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Save our NHS: Literature and the National Health Service

Brown, Ryan (2022) Save our NHS: Literature and the National Health Service. Doctor of Philosophy (PhD) thesis, University of Kent,. (doi:10.22024/UniKent/01.02.99252) (KAR id:99252)

Abstract

Save our NHS: Literature and the National Health Service corrects an absence in scholarly work on the cultural history of the NHS and argues for literary dissensus as offering a valuable corrective to deficiencies in the health service. This study contends that popular adulation of the National Health Service (NHS) obscures how the institution is entangled within the political creation of social inequalities. Drawing particularly on Michel Foucault's theorisation of healthcare and medicine as instances of a normative and regulatory biopolitics, this project shows how, throughout its history, the NHS has been defined by power relations that limit the potential field of actions open to patients. This thesis shows how the NHS has worked to maintain dominant paradigms in terms of class, gender, psychology, and sexuality. It has been a regular refrain in the medical humanities that literature offers an important means of challenging the unequal and undemocratic nature of healthcare, and so can improve the practice of medical professionals, as well as patient outcomes. I offer an elaboration of this perspective, although without therapeutic intentions, and argue that the instrumentalist nature of much medical humanities work has a limited understanding of literature's complexity and ambiguity. This study operates with an understanding of literature as offering resistance to the determinative biopolitics of healthcare through its democratic emphasis on social values and practices as a process that ought to be decided collectively. Raymond William's work is especially influential to this thesis's methodology due to his understanding of literature as engaged with responding to and attempting to shape emergent social practices. Twentieth-century British literary history is shown to attest to a regular dissensus against medical power, offering critical accounts of the stultifying and oppressive ways in which healthcare has functioned. At the same time, by closely reading a diverse array of literary texts, attention is given to the ambivalent and at times contradictory nature of these critiques. Literature offers evolving complications, not definitive answers. Consequently, this project argues that literary critiques of the NHS are a key component of ensuring that the institution furthers its egalitarian ambitions as they emphasise an ongoing process to define what health and care should mean and be.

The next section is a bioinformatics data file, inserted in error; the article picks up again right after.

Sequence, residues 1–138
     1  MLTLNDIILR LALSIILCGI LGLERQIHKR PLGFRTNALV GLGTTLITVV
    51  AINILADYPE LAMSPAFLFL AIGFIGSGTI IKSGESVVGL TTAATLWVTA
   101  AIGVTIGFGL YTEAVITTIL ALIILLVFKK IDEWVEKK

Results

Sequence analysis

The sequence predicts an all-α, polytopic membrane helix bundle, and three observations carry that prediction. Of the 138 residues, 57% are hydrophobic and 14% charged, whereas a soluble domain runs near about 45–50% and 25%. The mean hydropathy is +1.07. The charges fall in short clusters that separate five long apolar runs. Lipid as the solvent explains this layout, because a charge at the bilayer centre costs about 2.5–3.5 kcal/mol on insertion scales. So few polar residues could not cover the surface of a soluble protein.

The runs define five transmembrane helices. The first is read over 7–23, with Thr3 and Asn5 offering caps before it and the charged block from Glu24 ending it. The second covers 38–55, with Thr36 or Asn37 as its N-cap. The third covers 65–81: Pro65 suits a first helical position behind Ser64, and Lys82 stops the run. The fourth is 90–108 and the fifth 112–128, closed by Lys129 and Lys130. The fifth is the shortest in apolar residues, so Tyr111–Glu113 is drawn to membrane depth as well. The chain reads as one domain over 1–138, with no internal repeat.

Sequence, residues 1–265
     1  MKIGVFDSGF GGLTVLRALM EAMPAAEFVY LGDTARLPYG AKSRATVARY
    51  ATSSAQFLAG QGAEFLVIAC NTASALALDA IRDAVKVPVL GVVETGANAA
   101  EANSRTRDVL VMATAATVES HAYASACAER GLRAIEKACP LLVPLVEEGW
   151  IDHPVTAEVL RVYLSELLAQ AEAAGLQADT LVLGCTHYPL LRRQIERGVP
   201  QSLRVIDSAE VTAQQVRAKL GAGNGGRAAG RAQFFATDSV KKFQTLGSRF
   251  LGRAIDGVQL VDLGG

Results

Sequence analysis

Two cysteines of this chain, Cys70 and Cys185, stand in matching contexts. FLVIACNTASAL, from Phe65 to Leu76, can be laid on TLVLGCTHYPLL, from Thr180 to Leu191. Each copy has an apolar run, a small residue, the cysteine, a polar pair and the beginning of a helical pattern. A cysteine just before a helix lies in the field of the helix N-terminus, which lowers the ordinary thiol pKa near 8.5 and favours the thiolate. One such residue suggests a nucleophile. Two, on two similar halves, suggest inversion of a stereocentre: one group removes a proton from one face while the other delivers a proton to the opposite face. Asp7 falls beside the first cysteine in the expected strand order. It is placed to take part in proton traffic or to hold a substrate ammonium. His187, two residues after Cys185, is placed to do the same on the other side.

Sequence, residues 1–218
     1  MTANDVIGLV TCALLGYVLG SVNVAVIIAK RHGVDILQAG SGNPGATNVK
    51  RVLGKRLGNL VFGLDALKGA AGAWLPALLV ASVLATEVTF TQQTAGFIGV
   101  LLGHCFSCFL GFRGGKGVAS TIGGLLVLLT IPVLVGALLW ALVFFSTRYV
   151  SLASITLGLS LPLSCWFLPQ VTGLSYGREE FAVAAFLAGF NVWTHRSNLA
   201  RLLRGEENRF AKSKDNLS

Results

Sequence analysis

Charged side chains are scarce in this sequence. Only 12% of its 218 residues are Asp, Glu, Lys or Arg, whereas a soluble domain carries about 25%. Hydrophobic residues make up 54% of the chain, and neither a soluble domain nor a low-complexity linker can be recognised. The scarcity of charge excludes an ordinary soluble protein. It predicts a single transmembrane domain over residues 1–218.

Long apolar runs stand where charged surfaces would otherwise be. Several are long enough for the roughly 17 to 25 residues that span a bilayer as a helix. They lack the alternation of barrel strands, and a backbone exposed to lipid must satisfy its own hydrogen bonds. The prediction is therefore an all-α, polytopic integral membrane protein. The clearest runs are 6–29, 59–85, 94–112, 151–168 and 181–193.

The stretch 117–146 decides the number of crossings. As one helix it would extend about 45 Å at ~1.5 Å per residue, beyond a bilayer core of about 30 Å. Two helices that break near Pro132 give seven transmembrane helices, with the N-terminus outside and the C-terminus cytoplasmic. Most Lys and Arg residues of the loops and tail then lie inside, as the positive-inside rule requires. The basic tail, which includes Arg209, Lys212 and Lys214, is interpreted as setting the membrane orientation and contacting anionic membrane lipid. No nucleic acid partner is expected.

Item Type: Thesis (Doctor of Philosophy (PhD))
Thesis advisor: Mildenberg, Ariane
DOI/Identification number: 10.22024/UniKent/01.02.99252
Uncontrolled keywords: NHS, National Health Service, English, Literature, Raymond Williams, Michel Foucault
Subjects: P Language and Literature
Divisions: Divisions > Division of Arts and Humanities > School of English
SWORD Depositor: System Moodle
Depositing User: System Moodle
Date Deposited: 20 Dec 2022 08:47 UTC
Last Modified: 09 Jan 2023 09:55 UTC
Resource URI: https://kar.kent.ac.uk/id/eprint/99252 (The current URI for this page, for reference purposes)

University of Kent Author Information

Brown, Ryan.

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